Stella Capes: The Recital – Voices from Five Films
2009 / UK / Multi-Channel Video Installation
Viewed at: Theatre @ ICA

Stella Capes: The Recital

Produced as part of her residency during the ICA’s Talk Show season in May 2009, Stella Capes’ excellent multi-channel work, The Recital – Voices from Five Films, playfully merges the world of high-brow opera with that of the lowest-of-low-brow film genres, horror.

Cleverly re-situating five key cinematic horror texts – Dracula (1931), Godzilla (1954), Night of the Living Dead (1968), The Exorcist (1973), and Ring (1998) – Capes’ isolates the individual screams, gasps and howls from each film, tasking a troupe of professional opera singers with re-interpreting their intonations and fluctuating pitches.

Standing in the centre of the installation, the viewer is surrounded by five screens, one for each film. There, Capes’ opera singers sit in simple rows on unadorned sets, each playing a specific character (or a group of characters, in the case of ‘The People’ in Godzilla and ‘The Dead’ in Night of the Living Dead). Having spent long periods simply sitting in silence, endlessly thumbing their scripts, a singer will occasionally rise, approach the camera and perform their ‘scream’ with pitch perfect clarity.

Each screen runs for the entire length of the original film, with Capes’ singers performing their screams at the precise moment they appear in the source material. Wait long enough, and a serendipitous moment will arrive, with the otherwise isolated screams from two or more films unwittingly united in some kind of unholy chorus of fear.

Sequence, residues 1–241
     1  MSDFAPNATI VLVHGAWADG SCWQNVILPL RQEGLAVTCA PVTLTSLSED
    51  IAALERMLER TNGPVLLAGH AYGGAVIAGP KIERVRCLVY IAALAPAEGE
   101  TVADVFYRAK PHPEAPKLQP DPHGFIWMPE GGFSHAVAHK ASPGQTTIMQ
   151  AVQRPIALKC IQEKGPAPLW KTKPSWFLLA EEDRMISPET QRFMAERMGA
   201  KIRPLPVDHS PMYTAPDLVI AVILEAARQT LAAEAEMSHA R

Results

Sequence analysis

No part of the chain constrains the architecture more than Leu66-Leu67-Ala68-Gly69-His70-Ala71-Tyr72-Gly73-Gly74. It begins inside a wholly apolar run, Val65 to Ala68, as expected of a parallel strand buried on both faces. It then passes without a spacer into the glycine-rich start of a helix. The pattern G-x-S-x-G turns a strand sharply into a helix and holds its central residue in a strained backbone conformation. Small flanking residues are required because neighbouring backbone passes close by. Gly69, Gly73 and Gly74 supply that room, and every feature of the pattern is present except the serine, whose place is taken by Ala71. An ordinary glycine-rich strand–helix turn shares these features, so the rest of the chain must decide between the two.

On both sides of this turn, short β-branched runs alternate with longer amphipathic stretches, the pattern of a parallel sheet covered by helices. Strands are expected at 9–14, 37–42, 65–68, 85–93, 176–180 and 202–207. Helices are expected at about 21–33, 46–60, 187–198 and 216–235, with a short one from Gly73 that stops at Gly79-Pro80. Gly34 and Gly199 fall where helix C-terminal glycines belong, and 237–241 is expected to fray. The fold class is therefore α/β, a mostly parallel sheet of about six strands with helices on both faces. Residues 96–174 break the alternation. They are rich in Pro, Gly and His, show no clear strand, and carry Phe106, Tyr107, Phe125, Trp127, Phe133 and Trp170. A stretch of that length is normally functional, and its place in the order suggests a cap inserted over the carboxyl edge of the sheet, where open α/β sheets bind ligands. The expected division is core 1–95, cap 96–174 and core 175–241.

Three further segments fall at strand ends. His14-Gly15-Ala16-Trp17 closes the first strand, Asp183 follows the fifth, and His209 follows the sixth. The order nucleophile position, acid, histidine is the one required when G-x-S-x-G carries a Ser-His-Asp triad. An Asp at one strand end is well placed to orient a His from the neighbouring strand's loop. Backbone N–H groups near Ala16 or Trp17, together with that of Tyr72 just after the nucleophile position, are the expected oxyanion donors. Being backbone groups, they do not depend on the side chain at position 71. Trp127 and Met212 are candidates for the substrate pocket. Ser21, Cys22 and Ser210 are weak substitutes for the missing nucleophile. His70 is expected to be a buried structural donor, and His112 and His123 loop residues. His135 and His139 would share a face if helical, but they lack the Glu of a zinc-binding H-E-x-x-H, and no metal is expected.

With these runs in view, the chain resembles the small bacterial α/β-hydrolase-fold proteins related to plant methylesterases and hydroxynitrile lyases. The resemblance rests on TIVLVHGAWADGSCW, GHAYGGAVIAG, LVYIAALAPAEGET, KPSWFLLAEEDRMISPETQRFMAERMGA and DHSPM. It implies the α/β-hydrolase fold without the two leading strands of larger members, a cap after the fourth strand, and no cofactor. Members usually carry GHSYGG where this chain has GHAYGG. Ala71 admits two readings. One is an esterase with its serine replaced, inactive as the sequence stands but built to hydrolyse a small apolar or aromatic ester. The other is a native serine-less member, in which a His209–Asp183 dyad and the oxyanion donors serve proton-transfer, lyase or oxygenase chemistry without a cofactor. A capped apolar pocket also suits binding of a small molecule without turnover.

The Recital is a truly exceptional work. The understated nature of the videos themselves, and Capes’ decision to programme the screams at the precise, irregular points at which they appear during the films, adds to the eerie atmosphere of a kind of lunatic cathedral in which the disembodied choir utter their cries and moans at seemingly random intervals. Perpetually unpredictable, it more than adequately conveys – to quote the exhibition notes – ‘a social history of the horror movie and the human expression of fear’.

Previously, Stella Capes has made a habit of producing work that challenges similar ideas of human and mechanical synchronicity by focusing on examples of physical and natural failure: flightless balloons with unlimited string, two self-playing organs unable to perform in unison, wannabe clowns lacking the appropriate clothes and props.

Concerned less with the fear of failure than with fear itself, The Recital somehow seems more hopeful. It may explore ‘the human expression of fear’, yet it seems to highlight – or offer – a designated platform for these fears, a dedicated space in which to exorcise the demons inside us all, if only via the inhabitants of our collective cultural conscience.

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